U.S. Air Force Col. Matthew Leard, 97th Air Mobility Wing (AMW) commander, speaks during a brief to Maj. Gen. Craig Wills, 19th Air Force commander, March 29, 2021, at Altus Air Force Base, Oklahoma. During Wills’ visit to the 97 AMW, he received multiple briefings explaining the updates and changes being made across the wing. (U.S. Air Force photo by Airman 1st Class Amanda Lovelace)

U.S. Air Force Col. Matthew Leard, 97th Air Mobility Wing (AMW) commander, speaks during a brief to Maj. Gen. Craig Wills, 19th Air Force commander, March 29, 2021, at Altus Air Force Base, Oklahoma. During Wills’ visit to the 97 AMW, he received multiple briefings explaining the updates and changes being made across the wing. (U.S. Air Force photo by Airman 1st Class Amanda Lovelace)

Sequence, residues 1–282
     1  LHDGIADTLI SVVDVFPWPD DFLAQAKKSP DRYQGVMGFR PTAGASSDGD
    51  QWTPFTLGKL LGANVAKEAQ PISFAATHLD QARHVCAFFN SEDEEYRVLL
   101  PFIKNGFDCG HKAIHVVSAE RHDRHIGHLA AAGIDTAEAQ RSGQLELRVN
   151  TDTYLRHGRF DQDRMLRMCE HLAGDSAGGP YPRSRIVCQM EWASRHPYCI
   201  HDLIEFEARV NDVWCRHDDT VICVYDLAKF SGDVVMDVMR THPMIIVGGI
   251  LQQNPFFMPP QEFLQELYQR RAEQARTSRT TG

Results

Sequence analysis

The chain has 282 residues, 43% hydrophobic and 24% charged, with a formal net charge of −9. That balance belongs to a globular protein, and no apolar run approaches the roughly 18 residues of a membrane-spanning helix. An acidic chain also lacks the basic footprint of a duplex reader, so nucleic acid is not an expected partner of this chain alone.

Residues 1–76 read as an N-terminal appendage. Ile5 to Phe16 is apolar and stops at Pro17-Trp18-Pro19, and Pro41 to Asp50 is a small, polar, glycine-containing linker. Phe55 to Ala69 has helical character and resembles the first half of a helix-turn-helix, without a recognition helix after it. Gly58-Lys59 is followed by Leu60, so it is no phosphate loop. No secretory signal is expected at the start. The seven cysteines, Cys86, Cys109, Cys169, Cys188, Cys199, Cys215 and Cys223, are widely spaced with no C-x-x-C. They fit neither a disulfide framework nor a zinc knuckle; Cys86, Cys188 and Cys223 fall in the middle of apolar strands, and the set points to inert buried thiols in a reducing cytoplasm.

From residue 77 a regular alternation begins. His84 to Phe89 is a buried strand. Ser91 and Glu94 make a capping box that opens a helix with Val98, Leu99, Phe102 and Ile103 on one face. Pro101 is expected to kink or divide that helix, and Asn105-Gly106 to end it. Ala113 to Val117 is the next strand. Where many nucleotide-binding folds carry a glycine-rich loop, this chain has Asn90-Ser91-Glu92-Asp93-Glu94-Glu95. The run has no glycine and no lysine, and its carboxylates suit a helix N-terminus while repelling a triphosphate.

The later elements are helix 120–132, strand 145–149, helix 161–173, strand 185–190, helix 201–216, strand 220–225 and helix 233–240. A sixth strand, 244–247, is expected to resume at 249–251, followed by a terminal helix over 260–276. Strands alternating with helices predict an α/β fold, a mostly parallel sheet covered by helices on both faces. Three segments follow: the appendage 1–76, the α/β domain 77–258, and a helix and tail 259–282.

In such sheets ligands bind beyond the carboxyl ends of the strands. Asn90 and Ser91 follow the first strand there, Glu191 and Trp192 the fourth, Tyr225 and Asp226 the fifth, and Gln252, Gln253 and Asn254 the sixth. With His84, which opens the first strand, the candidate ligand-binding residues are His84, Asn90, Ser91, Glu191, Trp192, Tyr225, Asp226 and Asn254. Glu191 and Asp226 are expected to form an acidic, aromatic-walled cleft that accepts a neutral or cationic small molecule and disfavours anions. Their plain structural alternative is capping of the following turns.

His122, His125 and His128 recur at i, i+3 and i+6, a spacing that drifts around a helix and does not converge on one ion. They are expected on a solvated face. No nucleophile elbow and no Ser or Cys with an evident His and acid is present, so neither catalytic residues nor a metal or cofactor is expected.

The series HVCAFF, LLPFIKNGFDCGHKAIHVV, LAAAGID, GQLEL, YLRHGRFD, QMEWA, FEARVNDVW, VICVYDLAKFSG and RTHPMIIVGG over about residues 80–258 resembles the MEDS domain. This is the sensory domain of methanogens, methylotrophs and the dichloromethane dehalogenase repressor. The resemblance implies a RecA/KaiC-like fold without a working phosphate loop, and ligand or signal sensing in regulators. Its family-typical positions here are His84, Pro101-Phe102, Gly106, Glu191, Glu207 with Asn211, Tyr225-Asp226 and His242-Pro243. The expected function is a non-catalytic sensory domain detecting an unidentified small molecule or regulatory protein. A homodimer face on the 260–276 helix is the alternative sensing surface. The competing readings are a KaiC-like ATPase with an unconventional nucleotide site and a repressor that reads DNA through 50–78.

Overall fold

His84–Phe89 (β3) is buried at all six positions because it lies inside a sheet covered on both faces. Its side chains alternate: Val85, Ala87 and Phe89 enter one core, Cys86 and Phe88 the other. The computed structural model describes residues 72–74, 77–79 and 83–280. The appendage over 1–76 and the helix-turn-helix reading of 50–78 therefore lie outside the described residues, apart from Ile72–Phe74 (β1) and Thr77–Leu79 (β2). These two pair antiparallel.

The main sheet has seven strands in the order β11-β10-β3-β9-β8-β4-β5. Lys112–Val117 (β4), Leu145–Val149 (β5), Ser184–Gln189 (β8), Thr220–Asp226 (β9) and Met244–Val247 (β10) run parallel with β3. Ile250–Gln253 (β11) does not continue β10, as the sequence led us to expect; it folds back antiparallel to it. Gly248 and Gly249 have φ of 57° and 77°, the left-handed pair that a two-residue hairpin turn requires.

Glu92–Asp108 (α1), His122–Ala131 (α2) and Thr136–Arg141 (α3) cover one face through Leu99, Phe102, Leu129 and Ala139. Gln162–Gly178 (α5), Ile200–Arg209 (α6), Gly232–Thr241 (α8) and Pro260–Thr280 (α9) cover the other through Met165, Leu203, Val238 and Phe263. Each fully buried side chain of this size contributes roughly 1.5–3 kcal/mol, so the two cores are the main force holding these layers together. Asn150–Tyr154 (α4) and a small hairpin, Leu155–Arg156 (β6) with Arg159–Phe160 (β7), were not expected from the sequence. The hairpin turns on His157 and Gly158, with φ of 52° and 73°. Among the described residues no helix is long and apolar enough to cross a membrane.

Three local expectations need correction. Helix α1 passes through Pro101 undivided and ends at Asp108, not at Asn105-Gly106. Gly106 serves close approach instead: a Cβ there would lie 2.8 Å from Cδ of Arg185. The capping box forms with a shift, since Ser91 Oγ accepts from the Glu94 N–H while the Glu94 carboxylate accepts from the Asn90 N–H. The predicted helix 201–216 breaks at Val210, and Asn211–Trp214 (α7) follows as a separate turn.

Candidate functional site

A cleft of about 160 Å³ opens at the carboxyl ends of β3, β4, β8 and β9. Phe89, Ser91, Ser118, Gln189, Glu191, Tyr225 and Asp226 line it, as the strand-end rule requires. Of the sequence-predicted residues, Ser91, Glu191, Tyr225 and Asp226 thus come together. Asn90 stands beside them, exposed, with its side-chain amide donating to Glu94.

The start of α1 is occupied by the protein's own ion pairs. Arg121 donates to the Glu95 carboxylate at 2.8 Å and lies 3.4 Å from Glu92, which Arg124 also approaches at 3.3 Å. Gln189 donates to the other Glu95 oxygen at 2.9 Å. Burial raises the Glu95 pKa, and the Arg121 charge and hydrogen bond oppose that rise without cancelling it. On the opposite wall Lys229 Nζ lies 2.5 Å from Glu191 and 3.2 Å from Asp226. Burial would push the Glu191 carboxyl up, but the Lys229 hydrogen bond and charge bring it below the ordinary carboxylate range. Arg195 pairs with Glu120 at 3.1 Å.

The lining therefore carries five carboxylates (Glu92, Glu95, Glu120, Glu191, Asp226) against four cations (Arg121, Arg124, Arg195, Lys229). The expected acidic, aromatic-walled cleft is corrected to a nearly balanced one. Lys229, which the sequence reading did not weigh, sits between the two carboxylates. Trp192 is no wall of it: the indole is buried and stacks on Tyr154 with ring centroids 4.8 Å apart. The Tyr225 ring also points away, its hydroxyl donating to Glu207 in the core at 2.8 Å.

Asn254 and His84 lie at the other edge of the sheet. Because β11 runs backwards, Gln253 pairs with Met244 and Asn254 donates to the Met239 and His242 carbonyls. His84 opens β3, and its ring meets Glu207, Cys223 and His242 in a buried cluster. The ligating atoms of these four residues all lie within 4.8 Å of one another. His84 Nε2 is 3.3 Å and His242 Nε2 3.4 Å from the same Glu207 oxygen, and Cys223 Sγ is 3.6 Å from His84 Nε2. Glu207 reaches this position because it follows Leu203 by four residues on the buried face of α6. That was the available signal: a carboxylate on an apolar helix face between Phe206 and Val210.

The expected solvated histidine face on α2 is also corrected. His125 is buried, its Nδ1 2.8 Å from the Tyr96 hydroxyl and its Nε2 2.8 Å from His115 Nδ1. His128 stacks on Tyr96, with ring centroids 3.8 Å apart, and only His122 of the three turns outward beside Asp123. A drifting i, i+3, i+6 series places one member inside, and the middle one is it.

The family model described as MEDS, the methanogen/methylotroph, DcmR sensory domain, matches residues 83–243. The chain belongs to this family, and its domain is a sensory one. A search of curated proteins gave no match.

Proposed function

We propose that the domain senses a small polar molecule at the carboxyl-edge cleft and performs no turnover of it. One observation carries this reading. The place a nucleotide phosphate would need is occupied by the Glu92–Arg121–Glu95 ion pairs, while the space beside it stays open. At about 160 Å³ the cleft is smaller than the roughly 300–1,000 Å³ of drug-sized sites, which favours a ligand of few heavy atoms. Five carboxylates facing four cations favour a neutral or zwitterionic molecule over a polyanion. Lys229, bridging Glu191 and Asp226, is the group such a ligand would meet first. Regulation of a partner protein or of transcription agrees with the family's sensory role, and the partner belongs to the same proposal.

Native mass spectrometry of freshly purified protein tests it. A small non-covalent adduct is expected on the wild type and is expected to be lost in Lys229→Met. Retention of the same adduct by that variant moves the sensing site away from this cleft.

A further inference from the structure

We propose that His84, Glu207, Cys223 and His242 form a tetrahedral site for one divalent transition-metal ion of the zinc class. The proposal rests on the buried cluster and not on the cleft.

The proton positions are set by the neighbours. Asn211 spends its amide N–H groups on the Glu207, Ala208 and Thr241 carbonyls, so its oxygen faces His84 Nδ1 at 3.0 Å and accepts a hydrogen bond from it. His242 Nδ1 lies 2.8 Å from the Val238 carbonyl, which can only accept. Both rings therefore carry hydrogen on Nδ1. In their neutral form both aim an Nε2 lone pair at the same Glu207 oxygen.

ALTUS AIR FORCE BASE, Okla.-- Maj. Gen. Craig Wills, 19th Air Force commander, and Chief Master Sergeant Kristina Rogers, 19th AF command chief, visited the Airmen of Altus Air Force Base, Oklahoma, March 29 to 31.

The leaders’ visit included several opportunities to better immerse themselves in the 97th Air Mobility Wing’s rapid global mobility mission. They also met with several enlisted Airmen, officers and civic leaders for sit-down discussions. Wills and Rogers concluded their visit with a commander’s call focusing on why diversity and inclusion are an important foundation to the Air Force and how Airmen can build a stronger force when cultivating a culture of dignity and respect.